My research interests primarily include the security and privacy of vehicles. I worked on Automotive Ethernet Security, Intrusion Detection Systems during positions I held before my PhD. I also worked on an open-source automotive data collection platform called CarLab, as well as an automated CAN bus reverse engineering platform called LibreCAN. Currently I am focussing on privacy attacks and defenses of vehicular data to protect drivers' personal information.
Vehicle security attacks to date have all shared one very important feature – they all ultimately require write access to the CAN bus. But in order to do that, one has to know the message format of the CAN bus to inject meaningful data. All makes and models of vehicles have different message formats that are proprietary to the car manufacturer which hopes to prevent cybersecurity attacks on vehicles by not disclosing translation tables for CAN data. In order to cause targeted and intentional changes in vehicle behavior, malicious CAN injection attacks require knowledge of these translation tables.
Due to the growth of intelligent and self-driving vehicles, there are a multitude of data-driven applications such as user monitoring or traffic modeling and control. Each application often uses its own data-collection platform, leading to a scattered landscape of solutions for vehicular data-driven research and app development. We propose CarLab, a flexible and open vehicular data-collection platform which unifies this landscape of vehicular data-driven research and app development.
This project presents a context-aware intrusion detection system (CAID) framework capable to recognize manipulations of the physical system using cyber means. CAID uses sensor information to establish reference models of the physical system and then checks correctness of current sensor data against the reference models. Thereby, it establishes the notion of plausibility of a controller’s operation. CAID augments today’s cyber physical intrusion detection systems (IDS) by adding a physical model to the detection engine. The CAID framework has been evaluated in a vehicular setup using test vehicle. Telemetry data has been collected from a test vehicle that has then been chip-tuned with a commercially available chip-tuning tool to obtain manipulated data. CAID was able to recognize the chip tuning with a very high probability using an unsupervised Artificial Neural Network (ANN). This proof-of-concept could be the starting point to enhance current automotive IDS using the CAID framework in order to detect future automotive attacks to safety-critical systems.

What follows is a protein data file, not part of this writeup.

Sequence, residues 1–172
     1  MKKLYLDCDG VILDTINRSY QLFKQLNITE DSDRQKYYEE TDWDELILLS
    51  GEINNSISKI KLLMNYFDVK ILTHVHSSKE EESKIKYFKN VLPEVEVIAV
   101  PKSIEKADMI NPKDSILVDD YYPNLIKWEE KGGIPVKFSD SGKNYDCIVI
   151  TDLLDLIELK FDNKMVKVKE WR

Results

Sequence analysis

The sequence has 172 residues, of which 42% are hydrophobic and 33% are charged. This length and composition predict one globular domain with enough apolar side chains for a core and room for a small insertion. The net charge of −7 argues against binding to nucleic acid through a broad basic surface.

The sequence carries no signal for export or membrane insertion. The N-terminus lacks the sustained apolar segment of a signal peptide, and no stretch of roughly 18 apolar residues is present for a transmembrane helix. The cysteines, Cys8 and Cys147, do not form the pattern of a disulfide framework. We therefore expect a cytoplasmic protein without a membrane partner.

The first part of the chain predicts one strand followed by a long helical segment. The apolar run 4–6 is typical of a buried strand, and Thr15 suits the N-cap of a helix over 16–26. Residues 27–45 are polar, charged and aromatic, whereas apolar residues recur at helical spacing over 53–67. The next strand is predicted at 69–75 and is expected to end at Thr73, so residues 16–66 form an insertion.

The automotive industry experiences a major change as vehicles are gradually becoming a part of the Internet. Security concepts based on the closed-world assumption cannot be deployed anymore due to a constantly changing adversary model. Automotive Ethernet as future in-vehicle network and a new E/E Architecture have different security requirements than Ethernet known from traditional IT and legacy systems. In order to achieve a high level of security, a new multi-layer approach in the vehicle which responds to special automotive requirements has to be introduced. One essential layer of this holistic security concept is to restrict non-authorized access by the deployment of embedded firewalls.
This project addresses the introduction of automotive firewalls into the next-generation domain architecture with a focus on partitioning of its features in hardware and software. Based on the deployment of the firewall in the in-vehicle network, the corresponding adversary model and automotive requirements such as latency, jitter, CPU load and memory consumption are going to be discussed. Drivers behind these metrics are primarily safety concerns and cost and thus are relevant for both OEMs and hardware manufacturers. As a result, a reasonable implementation of an automotive firewall system has to be a trade-off between hardware and software in order to meet the above-named automotive requirements. We implemented the firewall on an Infineon AURIX TriCore and Altera Cyclone V FPGA to analyze these metrics. The paper shows the options and decision points to find an optimal partitioning between hardware and software for an automotive embedded firewall system.